In the middle of a 72-acre apple orchard situated in the Finger Lakes region of New York State, agricultural entrepreneurship thrives. Ten emerging startup companies reside here charting paths for the commercialization of innovative agricultural products and technologies. This is The Cornell Agriculture and Food Technology Park, also known as the Technology Farm.
Students at St. Philip’s Academy, an independent K-8 school in Newark, NJ grow their own salad greens. They use an aeroponic growing system installed in a fourth-floor classroom in which they plant, harvest and package such leafy greens as Chinese lettuce, arugula and komatsuna for delivery to their cafeteria. “It’s kind of amazing – it doesn’t get more local than this,” said Frank Mentesana, a St. Philip’s Teacher and Program Facilitator.
St. Philip’s aeroponic growing system is part of a pilot project being managed and run by an urban farming startup called EcoVeggies to trial a growing system developed by AeroFarms
Mike Yohay, CEO of San Francisco-based urban agriculture startup Cityscape Farms, was raised in Brooklyn, NY where he grew up with almost no knowledge of where his food came from or how it was grown. This all changed for Yohay when he went off to study at Grinnel College in Iowa. There he saw firsthand the pollution and topsoil erosion caused by large-scale agribusiness operations. He was also troubled by the fact that despite its rich soil, Iowa exported most of the food that it produced and imported most of the food that it consumed. Yohay also worked in Costa Rica’s La Amistad rainforest, where he participated in low-impact organic farming that supported a local community.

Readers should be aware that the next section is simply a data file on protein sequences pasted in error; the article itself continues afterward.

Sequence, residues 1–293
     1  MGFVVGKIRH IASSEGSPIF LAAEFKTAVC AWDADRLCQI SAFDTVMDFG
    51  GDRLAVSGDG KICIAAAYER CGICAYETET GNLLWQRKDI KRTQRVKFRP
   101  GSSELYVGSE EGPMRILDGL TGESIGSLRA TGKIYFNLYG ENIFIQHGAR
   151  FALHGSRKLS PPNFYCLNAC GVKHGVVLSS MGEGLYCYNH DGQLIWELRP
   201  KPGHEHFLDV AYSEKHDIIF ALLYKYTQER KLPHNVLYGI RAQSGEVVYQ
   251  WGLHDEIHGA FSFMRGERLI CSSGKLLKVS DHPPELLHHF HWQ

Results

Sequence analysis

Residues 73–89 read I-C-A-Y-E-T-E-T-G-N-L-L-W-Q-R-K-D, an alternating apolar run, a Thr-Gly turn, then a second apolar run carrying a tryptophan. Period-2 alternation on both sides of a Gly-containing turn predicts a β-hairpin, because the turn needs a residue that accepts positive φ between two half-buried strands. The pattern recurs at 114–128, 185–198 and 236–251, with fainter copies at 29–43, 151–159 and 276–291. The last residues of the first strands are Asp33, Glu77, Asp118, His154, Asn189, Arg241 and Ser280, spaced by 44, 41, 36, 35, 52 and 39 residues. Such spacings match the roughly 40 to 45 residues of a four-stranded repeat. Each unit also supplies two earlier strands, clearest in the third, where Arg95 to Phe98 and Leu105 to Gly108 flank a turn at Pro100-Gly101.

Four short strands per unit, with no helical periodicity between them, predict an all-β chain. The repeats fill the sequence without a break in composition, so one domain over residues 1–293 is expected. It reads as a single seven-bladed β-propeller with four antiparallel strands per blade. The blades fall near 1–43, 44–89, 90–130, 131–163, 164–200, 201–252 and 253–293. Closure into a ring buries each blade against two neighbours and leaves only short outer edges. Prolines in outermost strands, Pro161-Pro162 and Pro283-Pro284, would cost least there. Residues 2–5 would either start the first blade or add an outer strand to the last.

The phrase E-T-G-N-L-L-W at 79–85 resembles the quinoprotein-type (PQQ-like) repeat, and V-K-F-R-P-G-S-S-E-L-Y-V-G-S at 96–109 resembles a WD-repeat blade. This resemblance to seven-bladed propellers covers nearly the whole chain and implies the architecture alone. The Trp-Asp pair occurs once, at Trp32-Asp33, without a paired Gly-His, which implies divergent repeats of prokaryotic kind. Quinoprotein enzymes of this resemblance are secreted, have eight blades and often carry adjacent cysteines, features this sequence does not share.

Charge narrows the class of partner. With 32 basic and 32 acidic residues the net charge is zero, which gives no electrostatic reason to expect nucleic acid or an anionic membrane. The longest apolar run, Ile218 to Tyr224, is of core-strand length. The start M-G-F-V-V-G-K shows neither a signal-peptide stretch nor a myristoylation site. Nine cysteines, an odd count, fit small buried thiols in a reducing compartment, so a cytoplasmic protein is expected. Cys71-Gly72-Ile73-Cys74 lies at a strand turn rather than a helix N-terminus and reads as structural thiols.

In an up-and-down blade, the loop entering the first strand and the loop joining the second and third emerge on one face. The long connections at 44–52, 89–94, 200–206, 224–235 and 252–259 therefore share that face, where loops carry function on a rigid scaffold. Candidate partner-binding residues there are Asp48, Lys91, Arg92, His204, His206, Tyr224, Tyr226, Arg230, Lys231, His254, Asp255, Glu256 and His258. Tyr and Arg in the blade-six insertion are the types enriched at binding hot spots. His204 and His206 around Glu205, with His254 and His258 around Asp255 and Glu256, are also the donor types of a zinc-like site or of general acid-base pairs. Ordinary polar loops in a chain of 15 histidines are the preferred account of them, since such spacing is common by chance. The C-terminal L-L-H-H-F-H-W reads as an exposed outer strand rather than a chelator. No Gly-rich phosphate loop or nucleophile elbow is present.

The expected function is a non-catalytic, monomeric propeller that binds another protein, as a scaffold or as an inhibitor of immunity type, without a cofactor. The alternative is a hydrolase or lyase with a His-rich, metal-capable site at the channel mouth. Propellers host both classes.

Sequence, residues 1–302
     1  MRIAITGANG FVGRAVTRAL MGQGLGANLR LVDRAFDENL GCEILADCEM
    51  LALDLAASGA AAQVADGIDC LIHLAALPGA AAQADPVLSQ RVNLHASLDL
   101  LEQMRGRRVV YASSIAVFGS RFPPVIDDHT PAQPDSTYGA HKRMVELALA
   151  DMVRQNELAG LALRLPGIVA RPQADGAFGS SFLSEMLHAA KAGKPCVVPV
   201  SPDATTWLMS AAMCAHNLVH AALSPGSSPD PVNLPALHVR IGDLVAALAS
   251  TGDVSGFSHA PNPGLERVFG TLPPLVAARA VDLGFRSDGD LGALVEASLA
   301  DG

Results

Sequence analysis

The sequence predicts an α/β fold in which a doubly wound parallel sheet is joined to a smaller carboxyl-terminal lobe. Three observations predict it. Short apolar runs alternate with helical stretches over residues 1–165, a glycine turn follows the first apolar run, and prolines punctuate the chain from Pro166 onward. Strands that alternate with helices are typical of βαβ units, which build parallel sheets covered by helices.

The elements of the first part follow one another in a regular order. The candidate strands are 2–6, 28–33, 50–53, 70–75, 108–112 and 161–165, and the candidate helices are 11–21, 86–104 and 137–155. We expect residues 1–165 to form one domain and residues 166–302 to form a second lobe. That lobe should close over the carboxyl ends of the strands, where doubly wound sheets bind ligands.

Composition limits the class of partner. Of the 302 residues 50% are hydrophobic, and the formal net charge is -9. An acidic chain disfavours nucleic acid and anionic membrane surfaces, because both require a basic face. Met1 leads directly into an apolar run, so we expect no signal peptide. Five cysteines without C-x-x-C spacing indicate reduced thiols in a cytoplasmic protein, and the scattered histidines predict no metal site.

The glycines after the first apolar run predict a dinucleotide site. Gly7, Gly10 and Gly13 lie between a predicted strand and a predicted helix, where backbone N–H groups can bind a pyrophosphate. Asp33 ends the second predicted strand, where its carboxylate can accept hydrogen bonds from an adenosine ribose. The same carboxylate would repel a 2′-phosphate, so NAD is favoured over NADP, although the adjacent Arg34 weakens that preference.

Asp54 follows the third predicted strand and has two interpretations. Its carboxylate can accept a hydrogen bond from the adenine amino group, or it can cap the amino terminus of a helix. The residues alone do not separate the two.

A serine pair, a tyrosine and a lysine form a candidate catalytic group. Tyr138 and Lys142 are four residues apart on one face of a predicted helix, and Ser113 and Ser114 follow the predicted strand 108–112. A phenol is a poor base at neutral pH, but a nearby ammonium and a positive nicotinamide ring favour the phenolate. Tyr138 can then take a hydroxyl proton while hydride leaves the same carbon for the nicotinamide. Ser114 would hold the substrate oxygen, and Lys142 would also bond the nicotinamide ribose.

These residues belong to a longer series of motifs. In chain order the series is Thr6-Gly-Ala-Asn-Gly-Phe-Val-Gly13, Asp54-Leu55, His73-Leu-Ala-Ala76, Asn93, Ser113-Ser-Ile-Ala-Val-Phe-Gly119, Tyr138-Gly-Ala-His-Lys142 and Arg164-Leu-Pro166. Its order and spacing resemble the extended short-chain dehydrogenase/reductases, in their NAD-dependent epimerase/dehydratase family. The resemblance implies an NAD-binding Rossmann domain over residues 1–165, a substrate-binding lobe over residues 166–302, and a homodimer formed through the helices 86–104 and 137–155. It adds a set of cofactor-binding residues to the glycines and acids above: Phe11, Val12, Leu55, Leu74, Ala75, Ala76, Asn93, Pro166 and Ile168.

Despite losing its federal funding and suffering staff cuts across all of its offices, the National Sustainable Agriculture Information Service (ATTRA) remains committed to its goal of providing sustainable agriculture services. To make up for this budgetary shortfall, ATTRA, a 501(c)3, is exploring funding options that range from charging a small access fee for its publications to bolstering its efforts to procure donations from foundations, corporations and individuals. Kathleen Hadley, Executive Director of National Center for Appropriate Technology (NCAT), which oversees ATTRA, says that it “cannot just abandon those individuals who have come to rely on our expertise and research-based solutions to agricultural challenges.”
(updated 04/11/12) As the push to “go green” in urban architecture has intensified over the past decade, so-called green roofs and green walls have gained in popularity. These vegetation-covered walls and roofs can reduce cooling costs, mitigate air pollution and add beauty to the neighborhood.
But the promise of green walls goes beyond just looking cool and staying cool. Green Living Technologies International, LLC (GLTi) is exploring how these architectural innovations might actually meet our growing need for food and inspire a new wave of urban sustainable agriculture.